Being stuck indoors during quarantine has definitely produced plenty of new music from many of our favorite artists, who have largely been left to write and compose on their own. If you’re Mike Shinoda, however, you have a few thousand collaborators working with you. The Linkin Park rapper has released Dropped Frames Vol. 3, the next installment in his instrumental albums created during the COVID-19 pandemic.
What makes these albums all the more interesting is that Shinoda wrote and recorded the songs live on Twitch, a live-streaming platform. The musician has been going live on Twitch every week for the past few months, connecting with fans, writing new songs and drawing. Fans can redeem points on the channel for different rewards, one of which includes selecting the theme of the songs he writes. This has included everything from “Bollywood Hip-Hop” to country and much more.
There is more live instrumentation on Dropped Frames Vol. 3 than its predecessors. Shinoda picks up a variety of instruments for the tracks, including drums, guitar, keyboard and bass. That isn’t to say that the electronic elements are missing. Tracks like “A Thousand Jams,” inspired by the 10th anniversary of Linkin Park’s A Thousand Suns album, builds upon itself until it’s a full wall of sound — not at all out of place in Shinoda’s catalog of work.
Many of the tracks lay on heavy ambiance, perfect for listening while working from home, as well as a number of other quarantine activities. Standout tracks for this are “Sound Collector,” which sounds like a meditation track with some heavy crashes. “Dust Code” is also another notable track, sounding like it came right off of the soundtrack for Mr. Robot — a moody and synth-heavy number.
With all of the very creative themes fans have suggested for these songs, there are a few more lighthearted and fun tracks. “Robot Yodel” is a catchy blend of the above mentioned “Bollywood Hip-Hop” and country. Despite the vastly different influences, Shinoda was able to bring them together in a way that makes you want to hear more of this new marriage of genres. Quite possibly the overall fan favorite of the album has to be “License to Waltz,” which closes out the album. The track brings together Tchaikovsky‘s “Waltz of the Flowers,” 8-bit, Reggaeton, and oddly enough, ASMR. The result is a waltz that we’d venture to say wouldn’t be out of place in the club.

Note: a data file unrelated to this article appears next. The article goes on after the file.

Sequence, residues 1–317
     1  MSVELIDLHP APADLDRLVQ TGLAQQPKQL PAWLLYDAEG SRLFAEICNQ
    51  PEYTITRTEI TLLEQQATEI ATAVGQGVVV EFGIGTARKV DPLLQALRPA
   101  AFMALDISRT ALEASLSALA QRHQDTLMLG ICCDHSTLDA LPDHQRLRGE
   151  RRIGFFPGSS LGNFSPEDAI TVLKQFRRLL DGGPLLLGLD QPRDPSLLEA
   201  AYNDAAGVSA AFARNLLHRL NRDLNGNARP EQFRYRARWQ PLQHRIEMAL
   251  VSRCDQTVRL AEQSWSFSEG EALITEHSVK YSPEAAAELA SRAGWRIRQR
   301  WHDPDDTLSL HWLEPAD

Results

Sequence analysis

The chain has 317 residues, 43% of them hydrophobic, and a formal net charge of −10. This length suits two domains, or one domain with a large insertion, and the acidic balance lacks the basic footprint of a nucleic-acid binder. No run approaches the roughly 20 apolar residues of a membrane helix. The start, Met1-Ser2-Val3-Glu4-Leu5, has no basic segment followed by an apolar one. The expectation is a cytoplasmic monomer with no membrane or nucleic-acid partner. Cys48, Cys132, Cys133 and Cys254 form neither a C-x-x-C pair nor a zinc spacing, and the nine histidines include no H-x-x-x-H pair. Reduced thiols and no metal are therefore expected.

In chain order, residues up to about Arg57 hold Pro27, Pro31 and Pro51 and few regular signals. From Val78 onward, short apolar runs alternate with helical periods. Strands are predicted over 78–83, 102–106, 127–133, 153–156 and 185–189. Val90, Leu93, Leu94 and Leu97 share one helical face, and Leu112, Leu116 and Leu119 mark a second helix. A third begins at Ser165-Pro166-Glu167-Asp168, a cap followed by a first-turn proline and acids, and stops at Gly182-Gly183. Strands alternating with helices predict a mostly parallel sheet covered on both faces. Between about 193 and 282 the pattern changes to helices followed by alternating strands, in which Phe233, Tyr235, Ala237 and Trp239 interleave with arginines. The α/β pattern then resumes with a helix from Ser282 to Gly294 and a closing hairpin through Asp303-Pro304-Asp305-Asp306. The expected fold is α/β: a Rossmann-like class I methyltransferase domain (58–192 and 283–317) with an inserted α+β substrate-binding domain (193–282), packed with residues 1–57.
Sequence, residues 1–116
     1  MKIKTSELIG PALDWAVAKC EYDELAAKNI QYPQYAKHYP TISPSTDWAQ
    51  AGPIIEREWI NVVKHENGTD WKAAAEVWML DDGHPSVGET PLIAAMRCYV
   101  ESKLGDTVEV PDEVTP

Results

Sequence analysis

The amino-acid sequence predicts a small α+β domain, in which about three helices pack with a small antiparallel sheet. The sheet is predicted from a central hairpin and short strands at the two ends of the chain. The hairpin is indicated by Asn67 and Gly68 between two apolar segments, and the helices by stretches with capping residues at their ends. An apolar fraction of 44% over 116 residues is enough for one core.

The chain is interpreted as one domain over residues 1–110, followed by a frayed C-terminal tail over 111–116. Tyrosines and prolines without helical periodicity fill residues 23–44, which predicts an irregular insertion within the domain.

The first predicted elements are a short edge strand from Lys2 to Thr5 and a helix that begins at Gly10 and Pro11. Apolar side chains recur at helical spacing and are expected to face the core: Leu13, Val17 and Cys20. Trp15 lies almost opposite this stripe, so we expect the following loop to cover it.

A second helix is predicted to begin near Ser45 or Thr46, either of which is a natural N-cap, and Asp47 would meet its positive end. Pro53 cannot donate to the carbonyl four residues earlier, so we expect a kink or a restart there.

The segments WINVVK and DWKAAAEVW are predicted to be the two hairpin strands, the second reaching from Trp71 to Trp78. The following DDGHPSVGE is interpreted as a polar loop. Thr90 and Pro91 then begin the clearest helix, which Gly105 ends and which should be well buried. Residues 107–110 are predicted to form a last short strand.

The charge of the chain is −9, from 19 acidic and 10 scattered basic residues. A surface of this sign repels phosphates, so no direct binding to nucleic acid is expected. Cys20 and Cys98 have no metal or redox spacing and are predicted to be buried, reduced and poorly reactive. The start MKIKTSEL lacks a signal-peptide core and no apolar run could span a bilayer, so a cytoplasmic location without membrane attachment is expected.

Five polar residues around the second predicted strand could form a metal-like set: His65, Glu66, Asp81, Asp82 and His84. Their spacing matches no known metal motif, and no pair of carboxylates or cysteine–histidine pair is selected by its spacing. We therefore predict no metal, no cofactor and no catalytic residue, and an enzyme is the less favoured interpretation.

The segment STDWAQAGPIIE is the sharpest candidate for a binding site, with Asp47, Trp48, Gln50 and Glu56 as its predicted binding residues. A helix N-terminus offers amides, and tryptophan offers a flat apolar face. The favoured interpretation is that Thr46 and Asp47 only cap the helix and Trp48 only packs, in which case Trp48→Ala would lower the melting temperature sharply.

Dropped Frames Vol. 3, out of all three quarantine albums, feels like the most comprehensive of the release. The larger inclusion of live instrumentals allows Shinoda to show his seemingly effortless ability to blend electronic elements with “organic” sound, something he and his Linkin Park bandmates have been known for. The speed at which he is able to produce these tracks, usually between two and three hours, makes these works all the more impressive. Mike Shinoda is truly a multi-faceted talent and has shown through these records that he isn’t afraid to venture outside the box.
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